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Sanctions hamper effective response to Covid-19

by Staff reporter
29 Apr 2020 at 07:45hrs | Views
THE Covid-19 pandemic has dealt a heavy blow on countries' economies across the globe as they implemented measures to combat the transmission and spread of the virus.

For Zimbabwe, the virus has attacked at a time when the country is labouring under two decades of illegal sanctions that have severely crippled the economy. To make matters worse, the country has gone through two successive drought seasons that have left the country not only food insecure but many parts also facing water shortages.

The Western countries behind the sanctions against Zimbabwe however remain mum over the lifting of the punitive measures at a time when the country needs all the support to respond to the ravaging effects of Covid-19.

Last week, African Union chairperson and South Africa President Cyril Ramaphosa called for the lifting of sanctions against Zimbabwe to allow the nation to deal with Covid-19 as the continent battles with the economic impact of the virus.

Yesterday, analysts said the sanctions stand in the way of an effective response to Covid19. Mr Mlungisi Moyo, a political analyst, said the pandemic has seriously affected the country's fragile developing economy.

"We find ourselves in a position where we are faced with a lot of challenges like the health care system. It was already fragile because we were failing to develop our hospitals largely because the economy was not functional, it was suffocated, now it gets to a point where, that already frail healthcare system is supposed to help us pull out of the Covid-19 pandemic but now because we are already inheriting or we are in a pandemic period transiting from a period where the health care system was already fragile, that is one way we have been hardest hit," said Mr Moyo.

"Our economy is largely informal and the fiscus was surviving on import duties from the import of commodities that we are trading locally, now if you put this into perspective and then look at the closure of borders it means there is reduction of revenue for fiscus.

"This fiscus is not getting any capital injection from lenders of finance because of the sanctions so it was now surviving on these shoestring earnings. We were already suffocated largely because of the sanctions and now it has been exacerbated by this pandemic." Mr Moyo however said the Government, despite economic challenges, has done its best to implement measures to protect the people and businesses.

"These are very challenging times and this is one way we can look for homegrown solutions to fight the pandemic because now we're looking for foreign aid, yes we have donations from Jack Ma from China, from the UN but that can never be enough because we are not treated like any other ordinary country. "People are very cautious on how they can assist us because we already have been sanctioned so I am thinking as a way of combating these challenges, Government has to come up with robust measures that will promote production as a transitional period from the time to the time we declare victory over Covid-19," said Mr Moyo.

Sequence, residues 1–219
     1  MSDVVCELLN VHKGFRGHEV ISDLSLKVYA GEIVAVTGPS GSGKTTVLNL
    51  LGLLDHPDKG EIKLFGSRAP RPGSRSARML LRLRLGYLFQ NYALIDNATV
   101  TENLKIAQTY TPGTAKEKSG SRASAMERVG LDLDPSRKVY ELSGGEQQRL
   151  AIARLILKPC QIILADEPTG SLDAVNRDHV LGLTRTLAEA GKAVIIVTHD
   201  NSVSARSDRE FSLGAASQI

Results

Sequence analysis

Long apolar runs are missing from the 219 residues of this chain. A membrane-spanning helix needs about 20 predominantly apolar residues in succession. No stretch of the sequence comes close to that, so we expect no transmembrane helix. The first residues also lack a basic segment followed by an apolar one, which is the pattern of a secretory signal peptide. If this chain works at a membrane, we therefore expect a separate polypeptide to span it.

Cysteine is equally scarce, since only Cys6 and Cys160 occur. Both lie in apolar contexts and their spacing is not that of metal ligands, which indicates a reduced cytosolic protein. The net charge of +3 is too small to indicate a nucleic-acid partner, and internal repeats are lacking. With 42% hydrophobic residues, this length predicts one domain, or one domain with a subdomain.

"The challenges have been very immense and the Government did not have enough reserve resources to assist during this time as seen by the clarion call for the corporate world to chip in with the donations and forms of assistance towards people that have been hardest hit."

National University of Science and Technology lecturer Mr Stevenson Dhlamini said there is hope for recovery after the Covid-19 battle.

"When it comes to Zimbabwe which was under sanctions and was facing economic decline and a whole quagmire of economic challenges, the pandemic of Covid-19 has come to exacerbate the situation that was already dire but on the other hand it has placed a great emphasis on much more prudent utilisation of our own resources. Yes, the first six months are going to be very painful because for production to catch up to this sudden disruption is going to be hard.

"The bulk of our goods were coming out of Zimbabwe, gladly we notice that borders are still open, goods are still coming in but I don't think much of our exports are going out which is worsening our balance of trade and more pressure is now being put on Government spending which is likely to inflate our budget deficit. Greater pressure is going to be on the shoulders of the Government to cover the gap in demand deficiency or supply disruptions," said Mr Dhlamini.

"First of all, we need to review our value chain and also our distribution networks. Let's decentralise, let the goods come to the people more than people coming to the goods. Let the agricultural sector be revamped objectively because our greatest reliance is now going to be on agricultural produce. If the Government is prudent in monitoring and managing the agricultural sector, our agricultural sector is likely to bloom and we have a potential to returning to the glory days."

Lupane State University lecturer Mr Bukhosi Mpofu concurred with Mr Dlamini saying the country has not been able to undertake projects at a desired pace because of the sanctions throttle.

"Infrastructural projects have gone on a slower pace. Because of these sanctions our hospitals remain under-equipped and don't have the necessary machinery to attend to patients," said Mr Mpofu.

Source - chroncile

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